Jerry Caplinger’s bucolic wartime childhood spanned both Arkansas and rural Oklahoma. In When I Was a Boy, the author traces his life through boyhood to adolescence and the search for a job.
Caplinger and his family had very little; the town did not yet have electricity, and they largely lived out of the family garden. But they were generally happy together, even though his father could be unkind. Eventually, he joined the Air Force and found it a great adventure.
Caplinger’s story is full of meticulous detail of what life in rural America was like in the 1940s; domestic historians would thrill to the individual, careful descriptions of how farms and homes ran, including stories of working the backyard wash-house, peach packing, and churning butter. Taken as a whole, however, the descriptions read as unnecessary and burdensome; in one instance, he describes the circumstances under which his high school allows him to drink from a water fountain. In another, he describes all of the exercises undertaken by his high school football team at practice.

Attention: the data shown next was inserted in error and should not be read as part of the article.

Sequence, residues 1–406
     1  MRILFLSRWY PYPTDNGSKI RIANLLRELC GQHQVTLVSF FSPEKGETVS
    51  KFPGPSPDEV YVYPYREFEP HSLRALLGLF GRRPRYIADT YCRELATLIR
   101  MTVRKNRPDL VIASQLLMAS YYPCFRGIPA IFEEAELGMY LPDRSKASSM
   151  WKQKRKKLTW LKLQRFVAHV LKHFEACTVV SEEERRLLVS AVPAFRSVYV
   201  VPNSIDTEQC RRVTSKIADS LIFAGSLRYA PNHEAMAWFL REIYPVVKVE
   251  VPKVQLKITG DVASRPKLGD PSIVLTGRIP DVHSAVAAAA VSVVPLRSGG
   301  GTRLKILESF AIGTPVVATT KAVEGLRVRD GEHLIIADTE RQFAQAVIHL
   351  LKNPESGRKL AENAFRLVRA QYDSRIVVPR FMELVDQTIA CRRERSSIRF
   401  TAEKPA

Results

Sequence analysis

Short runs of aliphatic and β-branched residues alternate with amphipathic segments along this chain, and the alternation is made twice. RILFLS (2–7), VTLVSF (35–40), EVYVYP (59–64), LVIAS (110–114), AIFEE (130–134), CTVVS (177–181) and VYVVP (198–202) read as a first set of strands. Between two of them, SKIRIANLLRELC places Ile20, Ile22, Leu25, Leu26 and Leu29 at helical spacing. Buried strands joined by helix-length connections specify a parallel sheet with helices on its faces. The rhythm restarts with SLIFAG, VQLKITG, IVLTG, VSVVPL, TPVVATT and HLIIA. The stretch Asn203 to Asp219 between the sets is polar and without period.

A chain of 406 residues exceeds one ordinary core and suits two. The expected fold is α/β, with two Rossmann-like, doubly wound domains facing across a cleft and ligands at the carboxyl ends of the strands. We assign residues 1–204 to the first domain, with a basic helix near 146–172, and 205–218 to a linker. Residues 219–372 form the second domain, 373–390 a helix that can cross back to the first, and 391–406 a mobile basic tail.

There’s very little forward momentum in the story, with no narrative drive to keep it moving. Readers are likely to be surprised by how frequently he talks about what he doesn’t remember, doesn’t know, or can’t quite recall, the effect of which is a taciturn distance: “Breakfast was fried bacon and eggs cooked in an iron skillet over an open fire. I’m sure it tasted great.”
Meanwhile, major events are skipped over. The last page of the book shows him coming back from a tour of duty to greet his wife and daughter, both of whom we are hearing of for the first time.
Overall, the memoir reads like a grandfather telling his story around a fireplace to grandchildren who love him and have a vested interest in the small details over the plot. As such, this is likely to find most success as a family treasure.
Also available as an ebook.